بررسی چند روش از اثرات ذهن آگاهی بر انتساب استرس، مقابله با استرس و رفاه عاطفی
|کد مقاله||سال انتشار||مقاله انگلیسی||ترجمه فارسی||تعداد کلمات|
|32187||2009||10 صفحه PDF||سفارش دهید||11867 کلمه|
Publisher : Elsevier - Science Direct (الزویر - ساینس دایرکت)
Journal : Journal of Research in Personality, Volume 43, Issue 3, June 2009, Pages 374–385
Mindful individuals orient to ongoing events and experiences in a receptive, attentive manner. This experiential mode of processing suggests implications for the perception of and response to stress situations. Using laboratory-based, longitudinal, and daily diary designs, four studies examined the role of mindfulness on appraisals of and coping with stress experiences in college students, and the consequences of such stress processing for well-being. Across the four studies (n’s = 65 − 141), results demonstrated that mindful individuals made more benign stress appraisals, reported less frequent use of avoidant coping strategies, and in two studies, reported higher use of approach coping. In turn, more adaptive stress responses and coping partially or fully mediated the relation between mindfulness and well-being. Implications for the role of mindfulness in stress and well-being are discussed.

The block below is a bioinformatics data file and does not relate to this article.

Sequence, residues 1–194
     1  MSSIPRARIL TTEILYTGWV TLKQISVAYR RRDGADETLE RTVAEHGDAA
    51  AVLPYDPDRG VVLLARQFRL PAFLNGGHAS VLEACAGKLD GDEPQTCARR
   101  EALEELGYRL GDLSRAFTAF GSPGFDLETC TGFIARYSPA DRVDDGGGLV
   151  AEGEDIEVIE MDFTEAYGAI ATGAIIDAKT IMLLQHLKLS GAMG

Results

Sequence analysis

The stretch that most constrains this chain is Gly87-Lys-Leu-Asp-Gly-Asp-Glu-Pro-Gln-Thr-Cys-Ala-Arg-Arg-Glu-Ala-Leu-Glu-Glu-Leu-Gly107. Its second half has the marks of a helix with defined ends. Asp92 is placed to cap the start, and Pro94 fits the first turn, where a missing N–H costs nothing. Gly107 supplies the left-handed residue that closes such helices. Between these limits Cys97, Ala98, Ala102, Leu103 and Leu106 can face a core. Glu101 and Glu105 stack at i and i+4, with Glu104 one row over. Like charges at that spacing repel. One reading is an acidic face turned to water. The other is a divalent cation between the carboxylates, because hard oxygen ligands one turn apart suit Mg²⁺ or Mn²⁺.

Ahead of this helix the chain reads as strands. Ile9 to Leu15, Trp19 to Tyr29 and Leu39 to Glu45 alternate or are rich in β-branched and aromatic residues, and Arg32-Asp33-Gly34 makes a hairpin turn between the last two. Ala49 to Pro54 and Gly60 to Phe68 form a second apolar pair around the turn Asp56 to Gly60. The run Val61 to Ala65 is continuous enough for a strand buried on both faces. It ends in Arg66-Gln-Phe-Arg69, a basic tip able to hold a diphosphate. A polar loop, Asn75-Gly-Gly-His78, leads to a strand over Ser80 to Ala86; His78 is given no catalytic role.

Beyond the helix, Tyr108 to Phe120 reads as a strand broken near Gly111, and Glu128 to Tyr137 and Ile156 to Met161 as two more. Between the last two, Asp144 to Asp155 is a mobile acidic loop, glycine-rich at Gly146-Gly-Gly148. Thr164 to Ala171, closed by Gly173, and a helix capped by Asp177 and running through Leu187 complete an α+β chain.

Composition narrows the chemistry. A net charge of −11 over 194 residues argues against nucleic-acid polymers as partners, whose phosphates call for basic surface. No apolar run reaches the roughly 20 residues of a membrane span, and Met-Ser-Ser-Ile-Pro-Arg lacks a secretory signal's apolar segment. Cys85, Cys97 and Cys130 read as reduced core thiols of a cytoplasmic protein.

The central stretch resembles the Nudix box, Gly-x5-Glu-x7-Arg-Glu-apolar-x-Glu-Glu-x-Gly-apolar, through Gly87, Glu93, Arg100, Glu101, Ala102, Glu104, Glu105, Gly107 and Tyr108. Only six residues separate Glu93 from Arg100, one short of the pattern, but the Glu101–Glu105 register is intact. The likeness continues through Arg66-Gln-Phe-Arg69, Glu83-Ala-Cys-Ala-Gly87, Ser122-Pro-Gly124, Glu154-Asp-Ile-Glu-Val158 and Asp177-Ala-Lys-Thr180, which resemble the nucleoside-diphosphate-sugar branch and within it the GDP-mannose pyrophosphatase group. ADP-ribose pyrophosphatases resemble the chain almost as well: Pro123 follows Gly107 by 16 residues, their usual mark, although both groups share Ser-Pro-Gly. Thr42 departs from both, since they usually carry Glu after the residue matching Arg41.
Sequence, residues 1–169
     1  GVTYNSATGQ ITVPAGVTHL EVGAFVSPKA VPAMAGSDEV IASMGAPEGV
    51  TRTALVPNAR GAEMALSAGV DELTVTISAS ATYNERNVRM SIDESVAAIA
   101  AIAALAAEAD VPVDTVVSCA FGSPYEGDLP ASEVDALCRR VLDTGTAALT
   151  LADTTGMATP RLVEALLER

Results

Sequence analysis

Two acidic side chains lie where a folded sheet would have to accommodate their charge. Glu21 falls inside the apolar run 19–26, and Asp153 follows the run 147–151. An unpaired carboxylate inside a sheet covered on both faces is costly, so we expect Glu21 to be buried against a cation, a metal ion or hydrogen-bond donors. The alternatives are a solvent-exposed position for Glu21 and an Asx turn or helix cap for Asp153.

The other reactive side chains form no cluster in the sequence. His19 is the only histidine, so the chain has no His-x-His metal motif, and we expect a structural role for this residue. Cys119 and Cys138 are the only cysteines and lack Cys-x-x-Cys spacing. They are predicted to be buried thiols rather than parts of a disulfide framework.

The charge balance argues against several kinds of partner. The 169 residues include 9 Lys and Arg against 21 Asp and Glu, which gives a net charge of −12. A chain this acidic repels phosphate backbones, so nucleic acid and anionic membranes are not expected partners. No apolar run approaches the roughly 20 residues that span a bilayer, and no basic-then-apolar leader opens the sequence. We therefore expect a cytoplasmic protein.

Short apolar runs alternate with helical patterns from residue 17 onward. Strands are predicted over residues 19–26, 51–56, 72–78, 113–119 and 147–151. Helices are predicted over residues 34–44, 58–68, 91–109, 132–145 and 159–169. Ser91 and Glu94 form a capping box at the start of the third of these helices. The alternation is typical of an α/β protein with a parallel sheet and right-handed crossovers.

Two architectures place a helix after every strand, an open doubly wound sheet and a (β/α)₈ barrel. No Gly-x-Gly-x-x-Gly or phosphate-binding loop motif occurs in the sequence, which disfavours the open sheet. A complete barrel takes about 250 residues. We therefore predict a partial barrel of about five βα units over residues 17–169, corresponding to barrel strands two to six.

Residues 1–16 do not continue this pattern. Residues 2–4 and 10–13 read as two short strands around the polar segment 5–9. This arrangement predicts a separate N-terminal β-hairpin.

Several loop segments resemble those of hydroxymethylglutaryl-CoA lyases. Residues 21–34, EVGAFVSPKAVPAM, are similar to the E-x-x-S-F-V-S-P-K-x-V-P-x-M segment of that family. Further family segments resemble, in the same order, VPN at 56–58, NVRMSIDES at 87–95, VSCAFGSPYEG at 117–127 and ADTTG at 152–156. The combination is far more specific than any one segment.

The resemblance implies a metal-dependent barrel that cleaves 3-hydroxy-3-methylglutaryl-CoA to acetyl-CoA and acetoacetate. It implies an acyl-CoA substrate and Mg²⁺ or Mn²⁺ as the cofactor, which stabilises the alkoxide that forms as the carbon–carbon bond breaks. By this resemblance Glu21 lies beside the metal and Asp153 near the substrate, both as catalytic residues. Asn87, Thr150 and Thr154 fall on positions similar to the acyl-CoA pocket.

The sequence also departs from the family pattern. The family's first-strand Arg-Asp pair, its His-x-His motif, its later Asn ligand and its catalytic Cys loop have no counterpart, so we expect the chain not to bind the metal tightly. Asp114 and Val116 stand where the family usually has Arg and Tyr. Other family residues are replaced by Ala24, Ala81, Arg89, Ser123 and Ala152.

Throughout their lives, people are exposed to acute and chronic demands that can negatively impact them in a variety of physical and psychological ways. Yet while all individuals face demands and challenges, there are notable inter-individual and intra-individual variations in responses to such life events that have important consequences for well-being (Larsen, 2000). In recent years there has been considerable research interest in mindfulness as a protective factor with regard to the effects of difficult life events. Mindfulness concerns a receptive state of mind wherein attention, informed by a sensitive awareness, simply observes what is taking place in the present ( Brown and Ryan, 2003 and Brown et al., 2007). Empirically, research on dispositional mindfulness, experimentally induced mindful states, and mindfulness training programs have shown that this attribute is related to or predicts a variety of mental health and well-being indicators (e.g., Broderick, 2005, Brown and Ryan, 2003 and Shapiro et al., 2007). These findings have led researchers to speculate about the processes through which such benefits may accrue (e.g., Baer, 2003 and Shapiro et al., 2006). In line with these interests, the present series of studies focus on processes that may mediate these relations between mindfulness and psychological well-being. We specifically examine whether mindfulness alters the stress process by attenuating negative appraisals of stress in demanding situations and by facilitating the use of adaptive forms of coping with stressful situations. In turn, we examine whether mindfulness helps to support psychological well-being through the adaptive use of those regulation strategies. This model is implied by a series of related studies described below; and has been assumed, but not investigated directly in coherent and externally valid research. These set of studies are therefore designed to provide the empirical foundation for further investigation into mindfulness effects on stress, coping, and well-being. To date, most research on the effects of mindfulness on stress, mood, and other indicators of mental health and well-being has been conducted within the context of treatment interventions, including mindfulness-based stress reduction (MBSR; Kabat-Zinn, 1990) and mindfulness-based cognitive therapy (MBCT; Segal, Williams, & Teasdale, 2002). The primary aim of these interventions is to cultivate mindful presence to facilitate stress reduction and enhance well-being. Controlled and uncontrolled trials with MBSR, MBCT, and other mindfulness-based and mindfulness-integrated interventions have demonstrated success in producing these and other effects over both short- and long-term follow-up periods (see Baer, 2003 and Grossman et al., 2004 for meta-analytic reviews). Mindfulness-based interventions have multiple components, including mindfulness practice exercises, didactic instruction, and social support; so it is unclear to which ingredients the well-being effects of these interventions can be attributed (Bishop, 2002). But recent research suggests that mindfulness itself has well-being consequences. For example, Brown and Ryan (2003) found that both trait and state mindfulness predicted lower levels of negative affect over 2- and 3-week periods in student and community adult samples, respectively. Both Brown and Ryan, 2003 and Shapiro et al., 2007 found that increases in mindfulness over the course of MBSR training were related to declines in anxiety, mood disturbance, and other indicators of poor psychological well-being. The processes through which mindfulness has salutary effects on well-being have received very limited empirical attention to date. Nonetheless, based on the emerging theory and evidence (e.g., Baer, 2003, Bishop, 2002, Brown et al., 2007 and Shapiro et al., 2006), we suggest two primary ways through which mindfulness may produce salutary effects. First, mindfulness may promote a less defensive, more willing exposure to challenging and threatening events and experiences, which may reduce negative cognitive appraisals of those situations, thus rendering lower levels of perceived stress. Second, mindfulness may foster an enhanced capacity to adaptively cope with situations perceived as challenging, threatening, or harmful. That is, we hypothesize that mindfulness will be related to both a lower tendency to appraise or construe events as stressful, and more adaptive coping in stressful situations. A considerable body of research indicates that both factors are important to well-being outcomes (e.g., Folkman, Lazarus, Gruen, & DeLongis, 1986). 1.1. Stress appraisals Stress appraisals concern the cognitive processes through which an individual evaluates or appraises events. Most basically, events are perceived as good, bad, or neutral, positive or negative, or as involving challenge (generally positive appraisals) or threat, harm, or loss (negative appraisals). Individuals often appraise a situation in a way that alters its emotional significance or meaning, either by changing their view of the situation or their perceived capacity to manage the demands that it presents. Of key interest to us in this process is the extent to which situations are appraised as negative, too demanding, or as stressful ( Cohen et al., 1995 and Gross and Thompson, 2007). The experience of stress specifically results not only from events themselves but also from the appraisal that such events tax or exceed a person’s adaptive capacity (e.g., Cohen, Kamarack, & Melmelstein, 1983; Lazarus, 1977). Why should mindfulness alter cognitive appraisals of events? First, the quality of attention that is brought to bear on situations is thought to impact cognitive appraisals (Gross & Thompson, 2007). While much of the literature on attentional deployment in the appraisal process has focused on forms that can have mixed or negative appraisal consequences, such as distraction and rumination, theory and research suggest that mindful attention may promote more adaptive appraisals. Several authors have argued (e.g., Baer, 2003 and Brown et al., 2007) that mindfulness involves a greater willingness or ability to receptively process internal and external stimuli as they occur. This stands in contrast to a conceptually driven mode of processing in which occurrences are habitually filtered through conditioned evaluations, memories, beliefs, and other forms of cognitive manipulation (see Brown et al., 2007). If mindfulness fosters more objectively informed responding, then situations can potentially be viewed in more benign or neutral terms. Recent research supports this claim, showing that mindfulness promotes desensitization and a reduction in emotional reactivity to potentially threatening stimuli (Arch and Craske, 2006, Broderick, 2005 and Creswell et al., 2007). Thus, mindfulness may promote cognitive change by a ‘turning down’ or attenuation of negative appraisals of events. Given the key role of cognitive appraisal in emotional and other mental health outcomes, we suggest that one process through which mindfulness may enhance mental health and well-being is a reduced tendency to perceive situations in stress-inducing ways. 1.2. Coping responses In the literature on stress processes, considerable attention has been given to coping, a class of affect regulation strategies that operate by altering physiological, experiential, or behavioral responses to stressful situations ( Gross and Thompson, 2007 and Larsen, 2000). Coping encompasses a range of activities, including behavioral engagement (e.g., problem-solving), behavioral disengagement (e.g., substance use), emotional expression, and such “emotion-focused” activities as exercise and relaxation. Coping has been broadly classified into avoidant and approach types ( Roth & Cohen, 1986). Avoidant coping reflects a defensive form of regulation that involves ignoring, distorting, or escaping threatening stimuli. Several research groups have conceptualized avoidant coping in terms of behavioral disengagement, mental disengagement, and denial (e.g., Deisinger et al., 1996, Fontaine et al., 1993 and Stowell et al., 2001). While avoidant coping can reduce distress in the short-term, it is ultimately ineffective in supporting well-being ( Davies & Clark, 1998). In contrast, approach coping involves a cognitive, emotional, or behavioral ‘turning toward’ stressful situations. Three predominant forms have been consistently identified: active coping (direct action to deal with a stressful situation), acceptance (cognitive and emotional acknowledgement of stressful realities), and cognitive reinterpretation (learning, finding the good in the threat, harm, or loss situation, or choosing to use the situation to develop as a person) (e.g., Fortune et al., 2002, Lyne and Roger, 2000 and Stowell et al., 2001). Approach coping is generally considered adaptive in that effort is directed toward resolving stressful situations or overcoming the stress associated with them. As a result, these strategies are believed to facilitate the assimilation and transcendence of stress in a way that ultimately enhances well-being ( Shontz, 1975). There is a theoretical basis to hypothesize that mindfulness supports adaptive (less avoidant, more approach) coping. Specifically, if more mindful individuals are able or willing to objectively observe internal events, thoughts, and emotions as they occur instead of engaging in past- or future-oriented negative or distorted thinking patterns (e.g., rumination, catastrophizing), they may be more likely to cope in adaptive ways, rather than in ways that can perpetuate stress and ill-being (McCullough, Orsulak, Brandon, & Akers, 2007). Additionally, mindful states are characterized by fuller levels of attention, and such attention during stressful experiences are thought to reduce distortion and dysregulation in systemic affective responding (Larsen, 2000), indicated by higher use of approach and lower use of avoidant coping. Initial evidence, though indirect, suggests that mindfulness may promote less avoidant coping, in that trait mindfulness has been associated with lower levels of rumination, thought suppression, and other negative thinking styles associated with poorer emotional outcomes (e.g., Baer et al., 2006 and Shapiro et al., 2007). Despite these studies’ contributions to understanding effects of mindfulness on stress and coping, mindfulness effects have not been addressed in a systematic way. One way in which research efforts have not systematically addressed mindfulness effects has been by exploring potential confounds for these effects. In fact, there is a notable lack of research demonstrating these effects are independently predictive when accounting for other personality characteristics expected to influence stress responses. In other words, mindfulness has not been differentiated from other personality characteristics and shown to independently predict adaptive coping and stress responses. The question arises, is it that mindfulness influences stress, or that individuals who are mindful also have other positive attributes, allowing them to more adaptively respond to stress? Two possible constructs that could be responsible for the effects of mindfulness are optimism and neuroticism. Both are relevant because they have demonstrated high relations (neuroticism: r = −0.56, p < 0.01; optimism: 0.27–0.34, p’s < 0.01) with mindfulness in past research ( Brown & Ryan, 2003), and both have been inextricably linked to perceived stress ( Brissette et al., 2002, Costa and McCrae, 1990 and Scheier and Carver, 1992), stress-related appraisals ( Chang, 1998 and Penley and Tomaka, 2002), avoidant and active coping styles ( Friedman et al., 1992, Scheier and Carver, 1992 and Suls et al., 2006), and well-being ( Andersson, 1996 and Costa and McCrae, 1980). Constructs such as these have not, to the authors’ knowledge, been systematically assessed to determine their influence on mindfulness and stress relations. With this research as background, the present studies were designed for three primary purposes. First, we sought to examine the role of mindfulness in fostering adaptive responses to situations that carry the potential for stress initiation or maintenance. We specifically examined the role of mindfulness in altering processes of cognitive appraisal and coping, two key regulatory processes in the stress and well-being dynamic. Second, we examined whether the greater use of adaptive coping and lower stress appraisal can help to explain the positive well-being effects of mindfulness. We thus hypothesized that trait mindfulness would predict more benign cognitive evaluations of stressful situations, as well as the use of more adaptive coping strategies. We also predicted that both of these factors would mediate the relations between dispositional mindfulness and well-being outcomes. Finally, we examined in early studies whether mindfulness effects on stress and coping were independent of dispositional optimism and neuroticism; two personality constructs that play a central role in stress responses. We hypothesized these effects would hold even when controlling for these constructs. To test these hypotheses, four studies were conducted using multiple methods. Studies 1 and 2 were designed to test whether the effects of mindfulness were present when controlling for neuroticism and optimism. In Study 1, we also tested our hypotheses under controlled laboratory conditions with a specific cognitive stressor. In the three remaining studies, we moved to naturalistic settings to establish the external validity of the relations between mindfulness, stress processes, and well-being. Because Study 1 utilized a lab design, we were also able to administer an assessment of performance after the stressful task. Study 2 tested the stability of the relations between our variables of interest using a short-term longitudinal design. Study 3 was designed to examine these relations using an experience sampling methodology in which the psychological features of stressful encounters could be examined in real time. Finally, Study 4 tested our hypotheses in the context of a specific real-world stress encounter that unfolded over time (cf., Folkman & Lazarus, 1985).